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Sen. Ted Cruz, left, and Sen. Mike Lee, right, take their seats at the start of a Senate Judiciary Committee hearing on Capitol Hill on July 21, in Washington, DC.

The Nonviolent Offenders Congress Forgot

While prison reform gains momentum, the immigration debate remains “tough on crime.”

With President Obama’s speech to the NAACP and his visit to a federal prison last week, the push for criminal justice reform took center stage. His statements crystallized the growing bipartisan agreement in Congress that it’s time to overhaul a system that incarcerates nonviolent offenders for far too long and strains crowded prisons and dwindling budgets.

But bypassed in the emerging consensus is a key contributor to the problems in the federal system: the polarizing issue of immigration.

The most serious offense for roughly 10 percent of the federal prison population is immigration-related, and over half of federal criminal convictions so far this year have been for illegal entry or re-entry. As lawmakers look to lessen the criminal consequences for drug convictions, even legal immigrants also remain at risk of deportation for those same crimes.

Despite the momentum of prison reform, a tough-on-crime stance remains in much of the debate on immigration. And current events could push it even further in that direction. A week after Obama urged reductions in mandatory minimum sentences for nonviolent drug crimes, Congress discussed a new mandatory minimum for nonviolent immigration offenses.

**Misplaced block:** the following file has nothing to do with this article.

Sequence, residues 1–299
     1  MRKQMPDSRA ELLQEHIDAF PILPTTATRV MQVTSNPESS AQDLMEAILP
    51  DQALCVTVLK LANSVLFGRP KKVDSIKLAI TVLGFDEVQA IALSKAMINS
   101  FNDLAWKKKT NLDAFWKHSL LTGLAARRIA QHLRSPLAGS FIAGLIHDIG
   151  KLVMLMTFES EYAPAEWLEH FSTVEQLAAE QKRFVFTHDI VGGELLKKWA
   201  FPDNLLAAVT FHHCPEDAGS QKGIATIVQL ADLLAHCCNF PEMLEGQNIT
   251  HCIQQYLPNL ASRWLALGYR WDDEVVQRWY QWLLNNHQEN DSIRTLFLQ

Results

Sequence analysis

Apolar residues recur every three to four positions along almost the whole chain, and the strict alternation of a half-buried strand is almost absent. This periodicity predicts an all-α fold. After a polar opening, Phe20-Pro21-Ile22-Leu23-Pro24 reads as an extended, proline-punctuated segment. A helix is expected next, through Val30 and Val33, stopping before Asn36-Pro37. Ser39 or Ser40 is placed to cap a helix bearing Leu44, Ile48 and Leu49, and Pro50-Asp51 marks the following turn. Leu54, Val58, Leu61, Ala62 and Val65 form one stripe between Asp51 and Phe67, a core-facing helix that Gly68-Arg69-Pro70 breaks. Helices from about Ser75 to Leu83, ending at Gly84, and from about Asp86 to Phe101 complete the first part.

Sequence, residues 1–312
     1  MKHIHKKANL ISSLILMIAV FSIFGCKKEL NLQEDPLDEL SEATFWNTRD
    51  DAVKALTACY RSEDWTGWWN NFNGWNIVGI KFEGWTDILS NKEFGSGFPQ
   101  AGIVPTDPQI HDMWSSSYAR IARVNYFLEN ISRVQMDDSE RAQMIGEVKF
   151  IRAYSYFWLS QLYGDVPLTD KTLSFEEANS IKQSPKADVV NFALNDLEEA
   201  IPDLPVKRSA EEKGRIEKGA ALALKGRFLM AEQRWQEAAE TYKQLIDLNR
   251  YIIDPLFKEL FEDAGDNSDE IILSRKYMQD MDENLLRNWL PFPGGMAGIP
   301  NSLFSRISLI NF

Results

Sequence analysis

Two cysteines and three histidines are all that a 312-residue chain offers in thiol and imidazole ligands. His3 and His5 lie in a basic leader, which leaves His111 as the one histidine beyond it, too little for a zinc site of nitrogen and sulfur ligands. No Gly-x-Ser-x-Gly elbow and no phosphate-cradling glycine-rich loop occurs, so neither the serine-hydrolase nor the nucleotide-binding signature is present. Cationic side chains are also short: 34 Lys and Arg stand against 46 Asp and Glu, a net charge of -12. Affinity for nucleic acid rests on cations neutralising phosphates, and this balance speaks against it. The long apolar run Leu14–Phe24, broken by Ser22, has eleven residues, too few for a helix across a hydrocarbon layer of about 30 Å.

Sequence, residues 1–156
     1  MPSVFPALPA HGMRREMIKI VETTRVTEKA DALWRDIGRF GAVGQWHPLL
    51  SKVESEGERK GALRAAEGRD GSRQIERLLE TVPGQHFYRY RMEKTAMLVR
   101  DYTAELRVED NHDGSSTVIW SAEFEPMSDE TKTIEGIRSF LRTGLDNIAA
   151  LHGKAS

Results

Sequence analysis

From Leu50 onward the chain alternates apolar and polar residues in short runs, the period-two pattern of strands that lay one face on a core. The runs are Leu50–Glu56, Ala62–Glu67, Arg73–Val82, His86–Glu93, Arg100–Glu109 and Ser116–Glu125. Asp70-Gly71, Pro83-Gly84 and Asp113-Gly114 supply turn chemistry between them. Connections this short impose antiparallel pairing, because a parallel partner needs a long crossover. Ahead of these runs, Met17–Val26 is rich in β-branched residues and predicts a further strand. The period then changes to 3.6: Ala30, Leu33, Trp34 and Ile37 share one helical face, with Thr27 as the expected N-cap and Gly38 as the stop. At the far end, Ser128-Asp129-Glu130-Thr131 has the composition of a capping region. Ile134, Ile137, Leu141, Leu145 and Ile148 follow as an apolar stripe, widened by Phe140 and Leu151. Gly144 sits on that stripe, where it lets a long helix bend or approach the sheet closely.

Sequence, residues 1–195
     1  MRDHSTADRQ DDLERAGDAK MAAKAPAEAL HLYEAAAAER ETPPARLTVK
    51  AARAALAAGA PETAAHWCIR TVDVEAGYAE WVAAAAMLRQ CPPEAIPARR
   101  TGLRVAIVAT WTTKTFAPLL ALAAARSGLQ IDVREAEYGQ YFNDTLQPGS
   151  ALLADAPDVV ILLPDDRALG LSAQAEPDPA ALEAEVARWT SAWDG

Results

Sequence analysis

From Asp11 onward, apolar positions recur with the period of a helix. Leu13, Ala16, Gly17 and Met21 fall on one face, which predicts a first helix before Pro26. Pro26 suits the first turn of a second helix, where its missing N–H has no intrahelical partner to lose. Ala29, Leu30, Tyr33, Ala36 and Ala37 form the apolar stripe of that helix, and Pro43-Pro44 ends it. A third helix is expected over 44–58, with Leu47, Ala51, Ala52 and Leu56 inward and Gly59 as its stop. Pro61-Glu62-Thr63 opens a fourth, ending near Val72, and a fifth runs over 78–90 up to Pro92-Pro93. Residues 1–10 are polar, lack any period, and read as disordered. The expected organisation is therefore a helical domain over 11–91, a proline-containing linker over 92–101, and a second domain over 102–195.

Those favoring a tougher approach got renewed support this month, after the shooting death of a young woman in San Francisco. The woman, Kathryn Steinle, was shot on July 1, as she walked along a city pier. An undocumented immigrant, Juan Francisco Lopez-Sanchez, was charged with her killing; his lawyers said it was accidental and he pleaded not guilty. Lopez-Sanchez had re-entered the U.S. after five deportations, and had been released from county jail after authorities refused to detain him at the request of Immigration and Customs Enforcement. In the last few weeks, he has become immigration’s “Willie Horton,” invoked by numerous politicians and talking heads as they call for tougher border enforcement and an end to “sanctuary cities.”

A hearing on Tuesday by the Senate Judiciary Committee featured multiple family members of those killed by non-citizens. “I will not give up another child so that a foreign person can have a nicer life,” said Laura Wilkerson, whose son Joshua was killed by an undocumented immigrant in 2010. “Thank you to Mr. Trump for getting the message out.”

The committee chairman, Charles Grassley, an Iowa Republican, blamed the deaths on the Obama administration’s “lax immigration policies.”

“The Obama administration, in too many cases, has turned a blind eye to enforcement, even releasing thousands of criminals at its own discretion,” he said, addressing the panel. Senator Dianne Feinstein, Democrat of California, followed with: “Convicted felons should be removed from the country but not released into our streets.”

Republican Senator Ted Cruz of Texas — a supporter of drug sentencing reform — said he had introduced “Kate’s Law,” which would punish illegal re-entry into the U.S. with at least five years in federal prison. Senator Grassley announced a bill with a similar provision. “No more people should die at the hands of those who break our laws just by being here,” Grassley said.

Lopez-Sanchez served four years in federal prison for returning to the U.S. after his deportation to Mexico. The average sentence is 18 months, but it can be as long as 20 years depending on someone’s criminal and immigration history.